The interior of O’Munaciello features a life-size statue of an angel with outstretched arms hanging from the ceiling. There’s a large diorama of an Italian village in the corner and strange little statues scattered around the dining room. But you won’t notice any of it when the pizza hits the table because it’s that good. This excellent Neapolitan pizza definitely requires a fork and knife to eat, but it’s not a soupy mess in the middle. The crust (which comes in regular and black charcoal) is soft and bubbly on the outside and thin and tender towards the center. The cornicione di ricotta has an amazing stuffed ricotta crust and is good enough to distract you from the pizza deity dangling 20 feet above your head.
Luna Pasta e Dolci
Luna Pasta is a little restaurant in MiMo that serves rich pastas, empanadas, and focaccia sandwiches. Pasta is the main attraction here. There are a dozen varieties on the menu, and we’ve enjoyed all the ones we’ve had, like ricotta ravioli and crab agnolotti. This place is very tiny and can get a little cramped when it’s busy, so it might not be the best option for big groups or a first date. But they do takeout as well, in case it’s looking like a pasta-on-the-couch kind of night.
Andiamo Brick Oven Pizza
Andiamo looks like it might take off and fly into outer space at any moment. It was originally built in 1956 as a tire shop and it’s one of the best examples of the “Miami Modern” architectural style. It’s now a very popular pizza place—thanks in part to Miami’s lack of reliable pizza places, but Andiamo’s pizza is also much better than just a last resort. It’s on the thicker side of the thin-crust spectrum and comes with a lot of topping options. Our favorite is the very heavy Sunday pie with meatballs, ricotta, pepperoncini, parmesan, and basil. Most of the seating is outside, so it’s a great choice if you want to eat pizza while watching cars whiz by on Biscayne.
Doggi's Arepa Bar
If there was such a thing as a high school for arepas (we smell a young adult novel), Doggi’s versions would easily win the senior superlative for most popular. Everyone loves these arepas, which are as fat as structurally possible. They have a wide range of ingredients you can stuff inside your warm arepa, including hearts of palm, fried pork belly, and plantain. The arepa Santa Barbara (churrasco, tomato, avocado, and cheese) is a favorite and would probably be the high school quarterback in this novel we’re about to start pitching. Come here for the huge breakfast special too, featuring beef, plantains, avocado, cheese, and eggs so you can practice your own arepa-stuffing skills, which will prove very useful one day.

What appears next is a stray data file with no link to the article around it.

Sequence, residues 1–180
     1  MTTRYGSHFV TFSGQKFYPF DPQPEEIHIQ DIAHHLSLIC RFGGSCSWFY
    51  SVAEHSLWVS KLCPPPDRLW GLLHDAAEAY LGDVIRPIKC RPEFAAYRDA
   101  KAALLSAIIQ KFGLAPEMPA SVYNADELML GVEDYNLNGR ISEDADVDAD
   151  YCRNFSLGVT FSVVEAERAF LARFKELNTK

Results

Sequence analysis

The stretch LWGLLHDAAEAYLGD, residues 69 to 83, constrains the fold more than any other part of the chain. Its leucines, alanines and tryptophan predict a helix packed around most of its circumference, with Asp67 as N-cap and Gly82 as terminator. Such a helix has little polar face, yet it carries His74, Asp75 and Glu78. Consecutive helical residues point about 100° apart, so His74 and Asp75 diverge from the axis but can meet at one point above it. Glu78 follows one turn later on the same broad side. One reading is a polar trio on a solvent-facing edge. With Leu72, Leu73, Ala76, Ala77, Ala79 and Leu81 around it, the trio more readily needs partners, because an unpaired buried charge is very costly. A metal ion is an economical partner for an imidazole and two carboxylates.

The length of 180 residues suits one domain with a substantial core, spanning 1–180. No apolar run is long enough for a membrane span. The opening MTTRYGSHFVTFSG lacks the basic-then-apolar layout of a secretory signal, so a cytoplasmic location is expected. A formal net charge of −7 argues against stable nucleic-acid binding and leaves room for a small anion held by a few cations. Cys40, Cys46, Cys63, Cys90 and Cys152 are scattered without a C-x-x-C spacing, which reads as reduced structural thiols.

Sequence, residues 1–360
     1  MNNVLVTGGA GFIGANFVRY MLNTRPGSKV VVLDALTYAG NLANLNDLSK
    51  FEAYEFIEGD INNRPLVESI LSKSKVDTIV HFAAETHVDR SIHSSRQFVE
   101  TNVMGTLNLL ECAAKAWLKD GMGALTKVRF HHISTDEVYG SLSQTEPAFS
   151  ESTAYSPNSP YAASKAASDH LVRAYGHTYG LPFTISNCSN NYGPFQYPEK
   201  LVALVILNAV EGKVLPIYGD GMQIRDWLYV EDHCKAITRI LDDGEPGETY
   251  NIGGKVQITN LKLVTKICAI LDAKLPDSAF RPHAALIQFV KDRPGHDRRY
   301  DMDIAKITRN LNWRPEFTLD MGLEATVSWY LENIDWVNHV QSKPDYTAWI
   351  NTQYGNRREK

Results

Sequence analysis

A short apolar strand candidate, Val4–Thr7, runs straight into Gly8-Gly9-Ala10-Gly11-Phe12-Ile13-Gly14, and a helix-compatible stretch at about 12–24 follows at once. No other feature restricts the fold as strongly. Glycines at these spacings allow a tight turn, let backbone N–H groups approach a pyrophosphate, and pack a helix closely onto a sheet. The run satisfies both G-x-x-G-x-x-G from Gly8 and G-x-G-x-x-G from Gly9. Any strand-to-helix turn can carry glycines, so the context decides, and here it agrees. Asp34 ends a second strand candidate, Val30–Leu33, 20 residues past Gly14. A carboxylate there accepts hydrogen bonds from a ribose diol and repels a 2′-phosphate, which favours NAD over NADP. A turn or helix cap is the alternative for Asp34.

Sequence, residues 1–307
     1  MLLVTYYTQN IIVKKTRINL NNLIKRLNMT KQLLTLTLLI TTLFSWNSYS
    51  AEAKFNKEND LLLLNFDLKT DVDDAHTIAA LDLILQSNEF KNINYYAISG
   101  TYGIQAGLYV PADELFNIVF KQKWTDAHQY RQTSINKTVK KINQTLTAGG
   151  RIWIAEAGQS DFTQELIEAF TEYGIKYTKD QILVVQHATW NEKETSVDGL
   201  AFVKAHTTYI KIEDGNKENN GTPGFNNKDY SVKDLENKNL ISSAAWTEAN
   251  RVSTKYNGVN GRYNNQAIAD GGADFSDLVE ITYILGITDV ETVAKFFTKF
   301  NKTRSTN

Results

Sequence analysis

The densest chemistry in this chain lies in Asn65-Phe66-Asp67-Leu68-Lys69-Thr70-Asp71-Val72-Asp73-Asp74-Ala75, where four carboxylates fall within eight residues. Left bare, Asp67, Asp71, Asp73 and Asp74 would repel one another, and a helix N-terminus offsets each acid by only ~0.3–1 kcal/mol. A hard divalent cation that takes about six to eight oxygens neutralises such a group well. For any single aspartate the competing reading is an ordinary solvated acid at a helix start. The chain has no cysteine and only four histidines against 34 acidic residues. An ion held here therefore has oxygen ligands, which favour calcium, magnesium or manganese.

Phuc yea is a Vietnamese fusion spot, though people come here mostly for the more straightforward Vietnamese dishes—specifically the pho, which has a tasty broth and comes in portions big enough to share with three people. It’s a pretty upbeat place, with a stylish dining room and good cocktails. There are a few separate smaller dining rooms to sit in, which keeps things snug in a good way. You can come here with friends before a night out or with a date you want to keep awake as you tell them—for the third time—about breaking your wrist while whitewater rafting.
Yes, we know Wabi Sabi is actually in the Upper East Side, but sometimes we like to break the rules. And Wabi Sabi is certainly worth knowing about if you're in the area. The casual Japanese restaurant works for takeout, but it’s even better for a relaxing, leisurely meal consisting of some of Miami’s best sushi. They serve that sushi in a few different forms. Their donburi bowls are excellent and filling, with a base of sushi rice, cha-soba noodles, or greens. They offer maki as well as a la carte nigiri, sashimi, and very good hand rolls. They also have nigiri, sashimi, and chirashi omakase options. The chirashi is the most affordable (about $40) and filling of the three, thanks to the delicious pile of sushi rice the sashimi sits atop of.
Jimmy's East-Side Diner
Jimmy’s is MiMo’s reliable diner, and it does all the things reliable diners are supposed to do. There are leather booths that suck you in like quicksand, local radio playing in the dining room, and counter seating where you can comfortably dine solo and chug cup after cup of coffee. You can get an order of eggs with hash browns and sausage links for under $7, then come back for lunch and grab a patty melt on rye. Dinner isn’t an option at Jimmy’s—unfortunately it closes at 4pm—even though they shot that dinner scene in Moonlight here.
On a nice, breezy day in MiMo, you want to sit at one of Dogma’s outdoor tables with some chips, a hot dog, and a beer. The sidewalk hotdog stand has been a local landmark for years—the kind of place where you’ll see little leaguers celebrating a win alongside a couple of club kids in sunglasses trying to beat a hangover. The hot dogs showcase styles from around the country with Chicago, Atlanta, and Coney Island versions. But they also go international with a Colombian dog featuring Thousand Island dressing, chips, swiss cheese, pineapple, and bacon—which is exactly what you need if you just danced for nine hours straight at Space.